Many people use their Macs in public environments where securing their information from prying eyes can be a top priority. Mac OS X provides several levels of security that can be used for this. Here are a few of the most basic.
The first line of defense, and one on which the other means we’ll cover hinge upon, is having a password set to secure your account. When the Mac was first set up, you were asked whether you wanted to set a password. If you ever wish to change this password, or to set one up if it wasn’t already done, click the Apple symbol on the left side of the menu bar, and choose SYSTEM PREFERENCES from the drop-down list. In the System Preferences, click USERS & GROUPS.
In Users & Groups, click CHANGE PASSWORD. You will be asked to provide the old password, then type the new password twice (once in NEW PASSWORD and once in VERIFY). You can also type a password hint to jog your memory should you ever need it. The hint is displayed if an incorrect password has been entered three times.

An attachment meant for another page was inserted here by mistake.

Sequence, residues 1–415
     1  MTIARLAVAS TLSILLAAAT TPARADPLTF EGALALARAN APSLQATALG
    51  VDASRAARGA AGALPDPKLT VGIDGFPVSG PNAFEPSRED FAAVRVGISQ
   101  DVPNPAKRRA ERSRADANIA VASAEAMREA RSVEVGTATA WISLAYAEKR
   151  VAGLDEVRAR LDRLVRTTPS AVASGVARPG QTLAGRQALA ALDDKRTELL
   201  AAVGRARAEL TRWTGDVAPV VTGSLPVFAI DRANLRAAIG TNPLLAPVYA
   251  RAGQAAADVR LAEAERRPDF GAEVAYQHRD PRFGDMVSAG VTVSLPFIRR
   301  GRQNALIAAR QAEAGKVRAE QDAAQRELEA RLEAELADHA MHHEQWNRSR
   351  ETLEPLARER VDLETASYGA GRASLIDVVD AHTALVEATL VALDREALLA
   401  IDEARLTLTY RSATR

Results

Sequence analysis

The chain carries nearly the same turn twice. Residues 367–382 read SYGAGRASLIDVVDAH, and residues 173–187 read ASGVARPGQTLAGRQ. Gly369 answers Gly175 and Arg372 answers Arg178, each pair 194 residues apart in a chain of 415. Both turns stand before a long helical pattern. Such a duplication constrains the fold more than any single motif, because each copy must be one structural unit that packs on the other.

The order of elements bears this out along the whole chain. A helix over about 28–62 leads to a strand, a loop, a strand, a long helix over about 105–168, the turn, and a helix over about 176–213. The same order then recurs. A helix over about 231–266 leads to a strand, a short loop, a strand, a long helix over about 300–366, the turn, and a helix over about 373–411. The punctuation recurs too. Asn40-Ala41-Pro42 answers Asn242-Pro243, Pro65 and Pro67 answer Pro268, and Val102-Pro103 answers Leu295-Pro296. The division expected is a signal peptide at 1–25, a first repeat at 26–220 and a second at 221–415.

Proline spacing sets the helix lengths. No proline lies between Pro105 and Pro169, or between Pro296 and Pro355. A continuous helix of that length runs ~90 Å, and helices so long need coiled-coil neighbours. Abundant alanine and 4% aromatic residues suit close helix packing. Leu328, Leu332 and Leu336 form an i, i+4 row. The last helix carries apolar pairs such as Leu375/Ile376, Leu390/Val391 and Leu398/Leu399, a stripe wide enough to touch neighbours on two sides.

Your Mac might be set to automatically login to an account when it is turned on. This bypasses any set passwords, so you may wish to change this so that it boots up to a login screen. This is also done from the Users & Groups section of the System Preferences.
If the padlock icon in the lower left of the System Preferences window is locked, click it, enter your login information, and then click UNLOCK. Once the padlock is unlocked, choose LOGIN OPTIONS.
Click the drop-down list labeled AUTOMATIC LOGIN, and choose OFF.
Wake from Sleep
You can also set your Mac to require a password when waking from sleep or the screensaver. In the main area of the System Preferences, click SECURITY & PRIVACY (if you are still in the Users & Groups area, click SHOW ALL in the upper left to return to the main area first).
Make sure the GENERAL tab is selected from the tabs across the top. Unlock the padlock icon in the lower left if necessary, then click the box to the left of REQUIRE PASSWORD IMMEDIATELY AFTER SLEEP OR SCREEN SAVER BEGINS.
Once enabled, you can click IMMEDIATELY if you wish to add a buffer before requiring the password, like 5 SECONDS, 1 MINUTE, etc.
Jason Merrill, Mac & iOS Consultant